(Reuters) - The U.S. Department of Interior has proposed allowing drilling companies to delay their royalty payments on oil and gas produced on federal lands due to the impacts of the coronavirus pandemic, according to a White House web site.
The proposal follows repeated requests from oil and gas producers for blanket royalty relief to help them weather a meltdown in energy prices caused by government stay-at-home orders that have obliterated fuel demand.
Interior’s Office of Natural Resources Revenue sent a proposed rule titled “ONRR Reporting and Royalty Payment Delay Related to Coronavirus Disease 2019 (COVID-19)” for White House review on May 20, according to the White House Office of Management and Budget web site.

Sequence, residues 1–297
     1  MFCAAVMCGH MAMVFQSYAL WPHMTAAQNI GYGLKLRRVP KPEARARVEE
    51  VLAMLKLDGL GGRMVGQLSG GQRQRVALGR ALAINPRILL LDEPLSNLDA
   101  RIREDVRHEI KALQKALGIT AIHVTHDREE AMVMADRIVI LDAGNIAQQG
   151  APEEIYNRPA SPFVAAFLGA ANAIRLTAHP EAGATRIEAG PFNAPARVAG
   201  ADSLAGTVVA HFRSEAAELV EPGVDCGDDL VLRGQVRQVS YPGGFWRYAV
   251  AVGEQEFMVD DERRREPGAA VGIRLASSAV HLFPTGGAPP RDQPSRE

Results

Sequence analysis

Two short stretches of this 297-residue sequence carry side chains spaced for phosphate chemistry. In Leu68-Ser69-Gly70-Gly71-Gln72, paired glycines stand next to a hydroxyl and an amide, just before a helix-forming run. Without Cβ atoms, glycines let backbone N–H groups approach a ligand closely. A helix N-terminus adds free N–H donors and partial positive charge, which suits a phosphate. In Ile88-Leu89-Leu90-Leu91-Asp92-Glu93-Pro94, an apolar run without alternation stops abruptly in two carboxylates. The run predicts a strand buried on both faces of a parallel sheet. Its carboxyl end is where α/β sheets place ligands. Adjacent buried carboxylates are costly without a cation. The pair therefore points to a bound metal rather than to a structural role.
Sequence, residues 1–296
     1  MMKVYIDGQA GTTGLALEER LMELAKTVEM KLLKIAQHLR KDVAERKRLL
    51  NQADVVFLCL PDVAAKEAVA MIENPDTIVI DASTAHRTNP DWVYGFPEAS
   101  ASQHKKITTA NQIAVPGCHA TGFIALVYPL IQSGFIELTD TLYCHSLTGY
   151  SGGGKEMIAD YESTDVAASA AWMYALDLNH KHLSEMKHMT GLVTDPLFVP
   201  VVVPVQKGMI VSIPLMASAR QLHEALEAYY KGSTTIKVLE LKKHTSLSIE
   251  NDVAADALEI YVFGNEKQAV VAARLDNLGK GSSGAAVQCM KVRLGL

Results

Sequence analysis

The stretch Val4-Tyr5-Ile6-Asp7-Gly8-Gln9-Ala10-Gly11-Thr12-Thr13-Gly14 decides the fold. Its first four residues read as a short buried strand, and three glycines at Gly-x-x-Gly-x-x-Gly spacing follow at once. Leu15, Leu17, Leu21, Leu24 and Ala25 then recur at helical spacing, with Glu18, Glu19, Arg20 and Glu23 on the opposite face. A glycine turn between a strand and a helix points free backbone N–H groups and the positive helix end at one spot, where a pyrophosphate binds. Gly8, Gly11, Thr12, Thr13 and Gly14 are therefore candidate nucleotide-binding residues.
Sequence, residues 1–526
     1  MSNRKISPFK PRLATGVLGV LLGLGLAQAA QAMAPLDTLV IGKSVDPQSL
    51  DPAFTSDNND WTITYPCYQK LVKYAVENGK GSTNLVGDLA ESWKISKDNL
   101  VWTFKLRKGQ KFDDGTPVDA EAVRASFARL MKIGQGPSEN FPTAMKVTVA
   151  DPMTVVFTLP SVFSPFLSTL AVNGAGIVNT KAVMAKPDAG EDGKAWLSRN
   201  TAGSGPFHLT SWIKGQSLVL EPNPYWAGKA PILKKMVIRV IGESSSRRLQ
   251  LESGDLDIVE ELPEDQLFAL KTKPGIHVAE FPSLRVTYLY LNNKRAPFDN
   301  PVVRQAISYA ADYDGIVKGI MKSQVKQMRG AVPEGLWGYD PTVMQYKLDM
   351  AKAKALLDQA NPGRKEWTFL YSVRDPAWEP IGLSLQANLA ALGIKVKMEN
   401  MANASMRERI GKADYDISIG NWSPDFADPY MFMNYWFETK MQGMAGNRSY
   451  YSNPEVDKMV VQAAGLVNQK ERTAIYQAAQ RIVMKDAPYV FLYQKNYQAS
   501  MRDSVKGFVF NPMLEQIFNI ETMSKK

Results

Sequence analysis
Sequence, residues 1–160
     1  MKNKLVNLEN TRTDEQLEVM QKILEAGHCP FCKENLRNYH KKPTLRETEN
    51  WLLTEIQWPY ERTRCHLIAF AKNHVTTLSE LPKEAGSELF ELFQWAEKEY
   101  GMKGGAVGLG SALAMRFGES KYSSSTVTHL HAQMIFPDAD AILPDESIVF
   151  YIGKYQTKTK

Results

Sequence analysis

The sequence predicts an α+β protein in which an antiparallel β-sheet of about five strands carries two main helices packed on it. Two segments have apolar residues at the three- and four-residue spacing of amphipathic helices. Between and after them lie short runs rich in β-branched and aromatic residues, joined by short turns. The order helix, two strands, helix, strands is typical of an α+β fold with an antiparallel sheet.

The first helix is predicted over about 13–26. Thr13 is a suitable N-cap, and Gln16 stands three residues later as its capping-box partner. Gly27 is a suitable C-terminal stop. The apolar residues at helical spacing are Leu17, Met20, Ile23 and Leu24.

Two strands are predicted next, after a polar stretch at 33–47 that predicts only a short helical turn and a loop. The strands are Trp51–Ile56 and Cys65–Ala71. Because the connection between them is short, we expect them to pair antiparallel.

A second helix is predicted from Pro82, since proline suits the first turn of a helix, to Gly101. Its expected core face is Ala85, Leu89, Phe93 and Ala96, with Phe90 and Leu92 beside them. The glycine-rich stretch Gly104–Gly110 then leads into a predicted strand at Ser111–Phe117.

Details of the proposal were not available on the site.
A spokesman for ONRR, Chris Mentasti, said the agency “does not comment on draft rules prior to their publication.”
The draft is under review by OMB’s Office of Information and Regulatory Affairs, which vets proposed regulations.
A key Democrat in Congress urged OMB to reject the proposal.
“This is money to which the American people are legally entitled, and delaying these payments is not in the public interest,” Raul Grijalva, chair of the House Committee on Natural Resources, said in a letter dated May 27 to OMB Acting Director Russell Vought.
The U.S. Bureau of Land Management, which oversees drilling on federal lands, last month said it would consider royalty relief only on a case-by-case basis under an established process. It has since approved royalty cuts on at least 76 leases, according to a government database.
Reporting by Nichola Groom, Editing by Franklin Paul and Andrea Ricci
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